West eases efforts to restrict Russian oil trading as inflation and energy risks mount

European governments have eased back on efforts to curb trade in Russian oil, delaying a plan to shut Moscow out of the vital Lloyd’s of London maritime insurance market and allowing some international shipments amid fears of rising crude prices and tighter global energy supplies.

The EU announced a worldwide ban on the provision of maritime insurance to vessels carrying Russian oil two months ago, expecting co-ordinated action with the British government.

However, the UK is yet to introduce similar restrictions. UK participation is pivotal to the effectiveness of any such ban because London is at the centre of the marine insurance industry.

Meanwhile, Brussels in late July amended some curbs on dealing with state-owned Russian companies, citing concerns over global energy security.

A joint UK-EU prohibition on maritime insurance would constitute the most comprehensive restriction to date on Russian oil, ending access to much of the global tanker fleet for Moscow’s exports.

But US officials have expressed concern that an immediate global ban on maritime insurance would push up prices by pulling millions of barrels of Russian crude and petroleum products off the market.

European and British officials told the Financial Times in May that the UK had agreed with the EU to co-ordinate a ban on insuring Russian oil cargoes.

However, Britain's latest sanctions against Russia, approved by Parliament in July, only prohibit providing insurance to vessels carrying Russian oil to the UK, and only after December 31.

The legislation was introduced after the government promised to outlaw the import of Russian oil from the end of the year but does not ban the provision of services to shipments from Russia to other countries, UK officials said.

“There is no current UK ban affecting global shipments of Russian oil,” said Patrick Davison, underwriting director of the Lloyd’s Market Association, an industry group for insurers at Lloyd’s.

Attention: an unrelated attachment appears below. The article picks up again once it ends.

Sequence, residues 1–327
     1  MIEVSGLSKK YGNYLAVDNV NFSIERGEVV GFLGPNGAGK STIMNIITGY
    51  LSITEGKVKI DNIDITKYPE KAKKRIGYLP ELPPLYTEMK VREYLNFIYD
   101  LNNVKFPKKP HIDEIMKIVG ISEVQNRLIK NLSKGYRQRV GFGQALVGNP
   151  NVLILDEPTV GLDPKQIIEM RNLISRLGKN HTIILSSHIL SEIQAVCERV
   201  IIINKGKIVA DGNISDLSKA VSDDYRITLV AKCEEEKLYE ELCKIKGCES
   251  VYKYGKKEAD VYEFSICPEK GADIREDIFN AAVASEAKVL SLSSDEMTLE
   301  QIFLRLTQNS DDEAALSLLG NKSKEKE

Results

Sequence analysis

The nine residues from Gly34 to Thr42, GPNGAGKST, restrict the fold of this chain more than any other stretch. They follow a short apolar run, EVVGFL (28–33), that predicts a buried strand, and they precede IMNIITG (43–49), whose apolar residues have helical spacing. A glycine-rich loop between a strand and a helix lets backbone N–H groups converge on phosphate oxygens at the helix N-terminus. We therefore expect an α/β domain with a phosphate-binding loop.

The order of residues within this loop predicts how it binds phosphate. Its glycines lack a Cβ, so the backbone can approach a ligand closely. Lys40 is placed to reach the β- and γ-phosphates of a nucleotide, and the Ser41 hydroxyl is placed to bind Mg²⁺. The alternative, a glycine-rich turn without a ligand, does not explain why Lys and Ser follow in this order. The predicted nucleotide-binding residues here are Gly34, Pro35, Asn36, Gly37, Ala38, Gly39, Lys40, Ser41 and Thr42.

“Given the global nature of the [re] insurance industry, the existence of the EU restrictions may well impact appetite for Russian oil shipments in London.”

He said Lloyd’s was in close contact with [the UK government] “and will work with them on any future sanctions they seek to introduce.”

The UK Treasury said it was still exploring the best course of action.

"We stand ready to impose further sanctions on Russia and are working in conjunction with our allies at pace to ensure these can be implemented with maximum effect on the Russian economy," it said.

The EU’s insurance ban was introduced on June 4 and remains in place. It prevents companies in the bloc from writing new insurance for any vessel carrying Russian oil anywhere.

Existing contracts remain valid until December 5, when all such business will be banned.

However, the EU has amended part of its own sanctions to permit European companies to deal with some Russian state-owned entities, such as Rosneft, for the purpose of transporting oil to countries outside the bloc.

European companies will no longer be blocked from paying the likes of Rosneft, “if those transactions are strictly necessary”, for the purchase or transport of crude or petroleum products to third countries, a European Commission spokesperson told the FT.

The EU said in a statement that the measures were taken to “avoid any potential negative consequences for food and energy security around the world”.

The White House has been working since June to push G7 countries to support a price-cap mechanism that would allow some Russian oil to reach third countries as long as they agreed to pay a below-market price for the cargo.

Officials in Washington said the US and UK still plan to ban maritime services, including insurance, by the time the EU’s ban takes full effect in December.
But they want an oil price cap in place first. US President Joe Biden is keen to reduce gasoline prices before midterm elections in November.

Sanctions lawyers said the EU appeared to be soft-pedalling its efforts to stem the global flow of Russian oil, and that there was new uncertainty among traders over the UK’s commitment to a global insurance ban.

Sarah Hunt, a partner at HFW, a law firm, said trading houses were inquiring whether it was now legal to buy Rosneft oil to ship to countries outside the EU.

“The new EU sanctions effectively permit the lifting of Russian crude by European companies. We were surprised by this,” she said.

Leigh Hansson, partner at Reed Smith, another law firm, said the EU's sanctions amendment was a "big retreat", adding that lawyers had also been expecting "more robust" measures by now from the UK.

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